Monday, December 14, 2009

Monday Review: Transition by Iain Banks

by Iain Banks
Orbit (U.S)


Reviewed by Brenda Clough

Opening a novel for the first time is like getting into an unfamiliar car. You're going to be spending some time here. Are the seats comfortable? Is the engine going to turn over and run smoothly?

In this analogy, Transition by Iain M. Banks is a high-end Porsche. This is not your father's Oldsmobile! You are sitting behind the wheel of a powerful and sophisticated vehicle, but it is not a cushy ride.

You have to pay attention to get the full benefit out of Transition. Multiple viewpoints, hops through time and space, a complex plot delineated by unreliable narrators -- it takes a little while to get used to the fast, challenging ride. But this baby was built by a master artificer. Banks never loses control of his story, a convoluted account of intrigue and betrayal among interdimensional travelers in an infinity of alternate Earths. And wow, there's a powerful imaginative engine under the hood.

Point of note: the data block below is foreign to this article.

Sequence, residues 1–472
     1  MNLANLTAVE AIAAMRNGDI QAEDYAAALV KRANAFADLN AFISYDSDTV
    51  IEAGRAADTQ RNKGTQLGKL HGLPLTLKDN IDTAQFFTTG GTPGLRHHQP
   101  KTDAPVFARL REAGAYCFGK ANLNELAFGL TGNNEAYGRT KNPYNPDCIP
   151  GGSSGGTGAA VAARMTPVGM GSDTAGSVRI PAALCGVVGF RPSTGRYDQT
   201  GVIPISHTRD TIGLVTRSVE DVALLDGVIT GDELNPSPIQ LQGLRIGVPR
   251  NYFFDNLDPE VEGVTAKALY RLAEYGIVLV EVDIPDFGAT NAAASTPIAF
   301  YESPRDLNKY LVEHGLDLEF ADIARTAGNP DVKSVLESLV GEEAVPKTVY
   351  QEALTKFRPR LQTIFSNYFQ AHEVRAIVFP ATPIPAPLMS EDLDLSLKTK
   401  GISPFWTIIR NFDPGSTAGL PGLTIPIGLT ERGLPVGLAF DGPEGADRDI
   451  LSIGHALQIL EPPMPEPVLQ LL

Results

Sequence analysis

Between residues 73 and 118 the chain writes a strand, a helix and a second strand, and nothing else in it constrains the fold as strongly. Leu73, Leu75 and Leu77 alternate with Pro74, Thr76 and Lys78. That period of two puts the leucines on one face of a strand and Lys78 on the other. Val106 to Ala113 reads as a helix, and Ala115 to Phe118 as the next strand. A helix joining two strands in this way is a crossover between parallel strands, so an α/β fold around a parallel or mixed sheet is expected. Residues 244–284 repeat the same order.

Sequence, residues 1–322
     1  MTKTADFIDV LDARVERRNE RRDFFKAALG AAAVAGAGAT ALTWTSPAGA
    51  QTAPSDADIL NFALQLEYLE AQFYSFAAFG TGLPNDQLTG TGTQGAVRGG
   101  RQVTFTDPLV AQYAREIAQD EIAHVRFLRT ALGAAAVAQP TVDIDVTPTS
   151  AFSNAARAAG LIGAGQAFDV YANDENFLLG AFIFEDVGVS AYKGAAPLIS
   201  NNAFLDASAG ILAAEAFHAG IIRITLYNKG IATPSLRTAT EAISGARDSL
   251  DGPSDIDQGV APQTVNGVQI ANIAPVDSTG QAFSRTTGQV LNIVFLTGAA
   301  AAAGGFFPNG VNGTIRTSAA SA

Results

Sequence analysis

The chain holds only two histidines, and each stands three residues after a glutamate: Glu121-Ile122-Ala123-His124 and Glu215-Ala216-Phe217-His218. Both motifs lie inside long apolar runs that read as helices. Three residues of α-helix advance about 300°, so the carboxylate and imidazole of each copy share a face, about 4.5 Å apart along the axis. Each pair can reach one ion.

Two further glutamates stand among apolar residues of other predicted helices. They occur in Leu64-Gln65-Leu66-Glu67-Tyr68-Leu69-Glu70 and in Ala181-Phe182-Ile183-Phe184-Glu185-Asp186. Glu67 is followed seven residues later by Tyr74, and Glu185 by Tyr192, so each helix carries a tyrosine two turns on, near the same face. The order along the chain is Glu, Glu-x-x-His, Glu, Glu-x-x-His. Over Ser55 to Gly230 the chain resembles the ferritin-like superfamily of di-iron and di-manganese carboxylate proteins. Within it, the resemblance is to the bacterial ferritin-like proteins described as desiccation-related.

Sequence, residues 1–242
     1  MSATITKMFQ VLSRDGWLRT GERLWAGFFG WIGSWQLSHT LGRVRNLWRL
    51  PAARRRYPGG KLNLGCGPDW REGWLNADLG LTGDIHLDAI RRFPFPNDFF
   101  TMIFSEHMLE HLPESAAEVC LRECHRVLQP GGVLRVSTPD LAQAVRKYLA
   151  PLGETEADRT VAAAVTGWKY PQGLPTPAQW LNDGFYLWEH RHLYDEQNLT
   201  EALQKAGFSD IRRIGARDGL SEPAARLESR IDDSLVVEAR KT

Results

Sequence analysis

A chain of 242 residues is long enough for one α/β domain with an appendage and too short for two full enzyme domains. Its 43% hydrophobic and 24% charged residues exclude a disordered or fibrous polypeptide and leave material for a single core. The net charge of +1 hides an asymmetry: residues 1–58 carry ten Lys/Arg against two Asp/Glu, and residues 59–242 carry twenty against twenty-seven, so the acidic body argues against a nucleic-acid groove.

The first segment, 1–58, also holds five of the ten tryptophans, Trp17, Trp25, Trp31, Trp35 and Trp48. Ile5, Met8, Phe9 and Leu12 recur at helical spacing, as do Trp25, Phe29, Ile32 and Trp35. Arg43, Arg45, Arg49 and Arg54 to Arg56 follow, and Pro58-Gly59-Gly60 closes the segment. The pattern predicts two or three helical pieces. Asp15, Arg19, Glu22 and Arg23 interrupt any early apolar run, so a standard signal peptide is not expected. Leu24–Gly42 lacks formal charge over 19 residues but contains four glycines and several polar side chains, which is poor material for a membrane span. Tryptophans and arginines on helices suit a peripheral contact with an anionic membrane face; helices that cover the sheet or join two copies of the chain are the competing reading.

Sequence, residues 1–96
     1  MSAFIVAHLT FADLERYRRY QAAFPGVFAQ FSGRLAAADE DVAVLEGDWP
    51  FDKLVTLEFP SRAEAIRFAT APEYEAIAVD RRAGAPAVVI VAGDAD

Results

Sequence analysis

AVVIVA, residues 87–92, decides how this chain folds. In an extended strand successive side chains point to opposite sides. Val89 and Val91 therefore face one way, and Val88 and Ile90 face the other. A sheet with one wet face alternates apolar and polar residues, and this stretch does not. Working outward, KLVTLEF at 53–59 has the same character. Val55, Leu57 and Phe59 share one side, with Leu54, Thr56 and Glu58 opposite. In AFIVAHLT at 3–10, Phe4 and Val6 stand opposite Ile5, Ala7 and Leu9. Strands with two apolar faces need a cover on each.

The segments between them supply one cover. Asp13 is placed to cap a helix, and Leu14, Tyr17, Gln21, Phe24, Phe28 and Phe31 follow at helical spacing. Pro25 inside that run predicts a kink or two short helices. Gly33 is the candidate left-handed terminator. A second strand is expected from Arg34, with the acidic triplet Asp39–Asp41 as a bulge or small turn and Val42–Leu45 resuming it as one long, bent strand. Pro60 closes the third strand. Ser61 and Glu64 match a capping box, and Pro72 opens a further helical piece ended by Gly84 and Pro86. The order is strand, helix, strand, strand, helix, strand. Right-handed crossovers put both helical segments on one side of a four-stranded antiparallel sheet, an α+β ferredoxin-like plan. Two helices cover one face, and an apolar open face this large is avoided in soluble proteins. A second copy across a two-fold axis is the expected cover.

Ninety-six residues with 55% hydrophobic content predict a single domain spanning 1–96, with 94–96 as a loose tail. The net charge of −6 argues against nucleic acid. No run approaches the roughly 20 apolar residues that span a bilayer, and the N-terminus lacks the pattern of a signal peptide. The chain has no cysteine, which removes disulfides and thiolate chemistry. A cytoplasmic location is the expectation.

The pure virtuosity of the novel makes it less accessible. This work was not written for newcomers to the science fiction genre, and is not suitable for younger readers (if it were a movie it would definitely be R rated, shading towards X). But if you can see what the writer is doing, it really is a pleasure to watch the whole thing come together. If you are an experienced driver and there are no radar traps, sometimes a Porsche is the perfect vehicle.

Brenda Clough has written seven novels, including her most recent, Doors of Death and Life. Her short stories have been published in numerous magazines, including Analog SF Magazine and the anthology Starlight 3. Other work has appeared in SF Age, Aboriginal, Marion Zimmer Bradley Magazine, and many anthologies. She was a finalist for both the Hugo Award and Nebula Award in 2002. Her next workshop at The Writer's Center is Writing Science Fiction & Fantasy in February. Find her on the web here.

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